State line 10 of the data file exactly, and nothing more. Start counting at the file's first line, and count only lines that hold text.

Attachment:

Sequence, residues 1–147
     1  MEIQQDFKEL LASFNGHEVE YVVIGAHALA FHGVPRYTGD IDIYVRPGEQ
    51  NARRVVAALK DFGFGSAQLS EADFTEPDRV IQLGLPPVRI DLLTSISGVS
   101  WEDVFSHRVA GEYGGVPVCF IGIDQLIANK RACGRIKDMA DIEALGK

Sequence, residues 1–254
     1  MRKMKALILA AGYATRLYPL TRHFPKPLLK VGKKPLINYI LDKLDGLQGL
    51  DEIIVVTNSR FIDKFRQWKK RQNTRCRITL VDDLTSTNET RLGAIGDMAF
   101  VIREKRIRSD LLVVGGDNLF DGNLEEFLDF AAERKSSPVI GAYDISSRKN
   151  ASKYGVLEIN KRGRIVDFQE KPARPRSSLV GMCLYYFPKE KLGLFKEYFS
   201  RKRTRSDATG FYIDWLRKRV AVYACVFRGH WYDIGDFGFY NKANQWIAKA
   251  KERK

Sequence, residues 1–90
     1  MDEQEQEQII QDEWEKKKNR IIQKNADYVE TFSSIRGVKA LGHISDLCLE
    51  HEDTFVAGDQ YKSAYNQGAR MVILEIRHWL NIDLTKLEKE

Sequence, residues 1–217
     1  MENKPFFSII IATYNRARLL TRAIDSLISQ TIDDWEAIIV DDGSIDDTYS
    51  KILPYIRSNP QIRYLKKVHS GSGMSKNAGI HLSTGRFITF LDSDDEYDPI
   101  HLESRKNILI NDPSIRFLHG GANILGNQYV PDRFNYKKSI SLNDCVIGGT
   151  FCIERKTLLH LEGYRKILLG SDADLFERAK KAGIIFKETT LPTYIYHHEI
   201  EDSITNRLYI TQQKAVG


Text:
   201  RKRTRSDATG FYIDWLRKRV AVYACVFRGH WYDIGDFGFY NKANQWIAKA